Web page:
“The Joint Liquidators should go after the net winners who took all of their money out, such as the Antiguan government that confiscated properties and received millions of dollars in loans from our savings." “The Joint Liquidators have not recovered any assets and are desperate to maintain most of the money assigned by the Department of Justice from the repatriation of funds from England."

 The facts: 

 The innocent families, who had their life savings deposited at SIBL in Antigua, did not know and had no previous knowledge of the bank’s problems. It is a fact that the majority of the depositors only became aware that SIBL was in trouble when the SEC intervened the Stanford Financial Group on February 17, 2009.

 In reference to the withdrawals made by the majority of depositors during the six months prior to the closing of SIBL’s operations, they were not “Preferential Payments,” they were Legitimate Withdrawals of part of their principal by the rightful owners of the money, which they deposited and withdrew at the bank during the ordinary course of business of SIBL. These withdrawals were made rightfully and in good faith. Families withdrew part of their invested principal to pay for living expenses, medical treatments, to help a relative in financial need, for a down payment to buy a home or to buy a car, to pay for a vacation, or to start a business.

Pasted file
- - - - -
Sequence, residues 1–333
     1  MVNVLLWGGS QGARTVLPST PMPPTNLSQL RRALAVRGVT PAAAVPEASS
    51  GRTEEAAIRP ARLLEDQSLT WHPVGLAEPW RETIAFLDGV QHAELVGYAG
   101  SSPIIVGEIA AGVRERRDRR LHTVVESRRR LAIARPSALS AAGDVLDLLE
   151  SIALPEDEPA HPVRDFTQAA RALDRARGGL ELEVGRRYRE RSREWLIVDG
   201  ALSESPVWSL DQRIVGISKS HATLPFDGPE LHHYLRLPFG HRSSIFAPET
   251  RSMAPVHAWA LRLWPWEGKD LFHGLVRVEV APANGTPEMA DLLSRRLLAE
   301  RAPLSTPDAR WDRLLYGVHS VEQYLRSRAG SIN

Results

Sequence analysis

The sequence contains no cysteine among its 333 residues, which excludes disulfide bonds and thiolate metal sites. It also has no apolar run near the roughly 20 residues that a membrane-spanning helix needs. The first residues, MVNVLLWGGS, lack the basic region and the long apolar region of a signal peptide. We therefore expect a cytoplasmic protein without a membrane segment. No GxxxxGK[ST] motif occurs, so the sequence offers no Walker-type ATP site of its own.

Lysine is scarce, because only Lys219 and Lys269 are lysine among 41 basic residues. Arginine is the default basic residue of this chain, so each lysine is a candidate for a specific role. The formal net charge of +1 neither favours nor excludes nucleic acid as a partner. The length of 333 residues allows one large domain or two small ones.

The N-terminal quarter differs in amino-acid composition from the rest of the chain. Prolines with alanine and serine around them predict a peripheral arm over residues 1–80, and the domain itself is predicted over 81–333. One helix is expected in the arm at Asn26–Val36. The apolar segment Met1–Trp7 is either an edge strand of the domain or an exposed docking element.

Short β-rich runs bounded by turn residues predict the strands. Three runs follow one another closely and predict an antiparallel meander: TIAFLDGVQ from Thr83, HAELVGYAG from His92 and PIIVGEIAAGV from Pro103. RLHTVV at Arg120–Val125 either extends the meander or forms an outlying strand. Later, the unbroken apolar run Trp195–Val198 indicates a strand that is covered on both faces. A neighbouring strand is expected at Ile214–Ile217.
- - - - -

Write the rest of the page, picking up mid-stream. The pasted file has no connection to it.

These families lost all of their life savings in Stanford’s fraud; many sold their homes and other assets they had left to be able to survive. The majority of investors in the SIBL were common people, families that worked very hard for 30-40 years to save money for their retirement, for a college fund for their children or grandchildren, and to have savings available for a medical emergency, among other things.

During the past five years, victims of the fraud have been living in dire straits; many died because they could not bear the news of losing their savings or because they could not pay for a life saving operation. The Stanford fiasco destroyed their lives. Recently, the Joint Liquidators announced a 1% distribution of the victims' approved net remaining principal after the interests and withdrawals were deducted. Families saw a light of hope with the announcement. However, Mr. Wide & Mr. Dickson decided to drop a bombshell at the last minute by sending these cold and calculated letters to innocent depositors, asking them to return their own money to the Estate.

 Show me the money!